Thematic Guide to British Poetry

By Ruth Glancy | Go to book overview

Religion

Spiritual questions have been explored in poetry from earliest times. What is our place in the universe? Is there a greater power at work in our lives? Where did the world come from? Most religious poetry in English belongs to the seventeenth century, in the genius of John Donne, John Milton, George Herbert, and Henry Vaughan, but faith and doubt were explored again in the nineteenth century when the Romantic poets (especially Blake, Wordsworth, and Coleridge) brought a new sense of spirituality to the rationalism of the eighteenth century. Later, the Victorian poets lived in an age when faith was under attack from the findings of scientists such as the geologist Charles Lyell and the biologist Charles Darwin, whose discoveries cast doubt on the literal truth of the Bible. Tennyson's “In Memoriam A.H.H.” (1850) is the most sustained examination of Victorian doubt, but other Victorian poets like Christina Rossetti held firm in their faith. In the twentieth century, also, some poets have taken up the subject of general attitudes to religion while others have expressed an individual faith. In all ages, poetry has been the basis of hymns and songs of worship and praise. A few of the most famous of these are included here. Poems that touch on religious themes will also be found in the Immortality and Death sections of this volume.

The seventeenth century was a time of appalling religious unrest. Following the conversion of England to Protestantism by Henry VIII in the middle of the sixteenth century, Catholics lived under severe restrictions for most of the 1600s. John Donne (1573–1631), who figures largely also in the Love section of this volume, came from a well-known Catholic family that had suffered severe persecution. An exceptionally clever man, Donne attended Oxford University but was not allowed to receive a degree. He converted to the Church of England (Anglicanism), and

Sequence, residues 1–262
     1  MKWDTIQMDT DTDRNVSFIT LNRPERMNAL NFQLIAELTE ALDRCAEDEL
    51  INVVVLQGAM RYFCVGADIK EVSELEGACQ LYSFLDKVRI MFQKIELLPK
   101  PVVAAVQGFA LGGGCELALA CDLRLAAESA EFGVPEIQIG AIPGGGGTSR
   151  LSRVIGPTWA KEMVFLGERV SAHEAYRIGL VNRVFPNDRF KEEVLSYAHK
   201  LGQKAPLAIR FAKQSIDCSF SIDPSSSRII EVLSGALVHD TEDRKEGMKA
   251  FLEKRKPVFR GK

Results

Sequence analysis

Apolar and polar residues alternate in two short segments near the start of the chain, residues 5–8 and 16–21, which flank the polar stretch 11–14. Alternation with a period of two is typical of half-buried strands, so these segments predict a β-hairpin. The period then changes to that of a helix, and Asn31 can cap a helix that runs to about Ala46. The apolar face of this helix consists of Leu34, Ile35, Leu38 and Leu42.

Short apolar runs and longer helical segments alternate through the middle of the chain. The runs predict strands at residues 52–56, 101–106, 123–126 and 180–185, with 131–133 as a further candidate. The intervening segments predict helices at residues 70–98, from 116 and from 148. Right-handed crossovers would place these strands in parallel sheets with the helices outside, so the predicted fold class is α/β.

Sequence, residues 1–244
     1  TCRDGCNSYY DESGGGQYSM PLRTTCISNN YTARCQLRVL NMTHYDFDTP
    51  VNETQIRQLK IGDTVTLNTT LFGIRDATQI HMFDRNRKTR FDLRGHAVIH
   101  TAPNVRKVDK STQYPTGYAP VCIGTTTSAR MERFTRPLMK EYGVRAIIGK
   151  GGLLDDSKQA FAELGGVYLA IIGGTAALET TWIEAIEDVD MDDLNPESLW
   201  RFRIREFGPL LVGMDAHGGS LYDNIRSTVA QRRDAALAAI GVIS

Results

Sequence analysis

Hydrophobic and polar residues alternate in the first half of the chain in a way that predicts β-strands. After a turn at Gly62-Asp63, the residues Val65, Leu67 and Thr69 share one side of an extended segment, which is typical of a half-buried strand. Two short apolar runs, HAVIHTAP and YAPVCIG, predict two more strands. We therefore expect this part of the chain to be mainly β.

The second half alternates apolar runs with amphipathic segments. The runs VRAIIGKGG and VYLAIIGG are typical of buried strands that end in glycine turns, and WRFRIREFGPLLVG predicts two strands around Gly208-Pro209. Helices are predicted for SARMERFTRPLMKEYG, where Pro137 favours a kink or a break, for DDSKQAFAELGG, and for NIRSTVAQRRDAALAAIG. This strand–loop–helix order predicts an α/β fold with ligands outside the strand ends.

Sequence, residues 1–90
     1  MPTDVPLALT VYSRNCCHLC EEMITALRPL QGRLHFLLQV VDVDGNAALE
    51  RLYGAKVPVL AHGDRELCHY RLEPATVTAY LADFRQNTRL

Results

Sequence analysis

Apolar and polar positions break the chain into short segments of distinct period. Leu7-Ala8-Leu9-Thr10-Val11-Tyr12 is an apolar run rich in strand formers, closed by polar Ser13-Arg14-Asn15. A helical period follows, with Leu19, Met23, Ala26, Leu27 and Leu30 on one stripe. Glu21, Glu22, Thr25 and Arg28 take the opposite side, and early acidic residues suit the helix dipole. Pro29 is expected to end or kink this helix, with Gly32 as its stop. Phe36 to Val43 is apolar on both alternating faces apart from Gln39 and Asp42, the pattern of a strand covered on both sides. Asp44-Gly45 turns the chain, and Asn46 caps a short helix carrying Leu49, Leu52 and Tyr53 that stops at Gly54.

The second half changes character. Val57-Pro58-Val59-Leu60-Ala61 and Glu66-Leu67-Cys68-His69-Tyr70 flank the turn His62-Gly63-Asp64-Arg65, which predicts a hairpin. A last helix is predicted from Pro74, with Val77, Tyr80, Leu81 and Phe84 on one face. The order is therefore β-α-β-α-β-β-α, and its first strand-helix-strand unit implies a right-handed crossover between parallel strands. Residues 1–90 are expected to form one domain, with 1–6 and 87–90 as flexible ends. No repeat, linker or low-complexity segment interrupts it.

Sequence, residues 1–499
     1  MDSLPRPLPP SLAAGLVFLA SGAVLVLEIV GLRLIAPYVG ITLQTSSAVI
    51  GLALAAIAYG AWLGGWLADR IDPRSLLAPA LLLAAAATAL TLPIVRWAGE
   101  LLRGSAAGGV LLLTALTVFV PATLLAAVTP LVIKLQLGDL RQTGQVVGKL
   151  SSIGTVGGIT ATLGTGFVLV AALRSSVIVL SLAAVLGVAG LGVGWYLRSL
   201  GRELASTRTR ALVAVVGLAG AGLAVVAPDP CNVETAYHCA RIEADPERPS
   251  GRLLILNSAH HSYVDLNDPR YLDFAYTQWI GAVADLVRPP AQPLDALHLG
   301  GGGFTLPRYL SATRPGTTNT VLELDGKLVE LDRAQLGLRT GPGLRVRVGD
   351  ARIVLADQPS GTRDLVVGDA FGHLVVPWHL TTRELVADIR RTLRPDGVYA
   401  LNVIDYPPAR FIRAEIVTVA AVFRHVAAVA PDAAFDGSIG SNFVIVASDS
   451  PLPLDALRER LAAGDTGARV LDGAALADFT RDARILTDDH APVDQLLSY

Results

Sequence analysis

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Thematic Guide to British Poetry
Table of contents

Table of contents

  • Title Page iii
  • Contents v
  • Introduction vii
  • Anthologies of British Poetry and Abbreviations Used xi
  • Active and Contemplative Lives 1
  • Art, Imagination, and Inspiration 15
  • Beauty 31
  • Carpe Diem 43
  • Christmas Poems 47
  • Death 53
  • Death of the Young 65
  • Duty 77
  • Fame and Ambition 81
  • Family Relations 85
  • Freedom and Captivity 89
  • The Golden Mean 93
  • Immortality 97
  • Industrialism and the City 105
  • Innocence and Experience 111
  • Love 119
  • Marriage 141
  • Music 153
  • Nature and Country Life 159
  • Old Age 187
  • Patriotism 193
  • Politics and Human Rights 197
  • Pride and Vanity 205
  • Rebellion and Conformity 215
  • Regret, Consolation, and Melancholy 221
  • Religion 229
  • Sleep 243
  • Time and Change 251
  • War 257
  • Biographical Sketches 269
  • Further Reading 293
  • Index 295
  • About the Author 305
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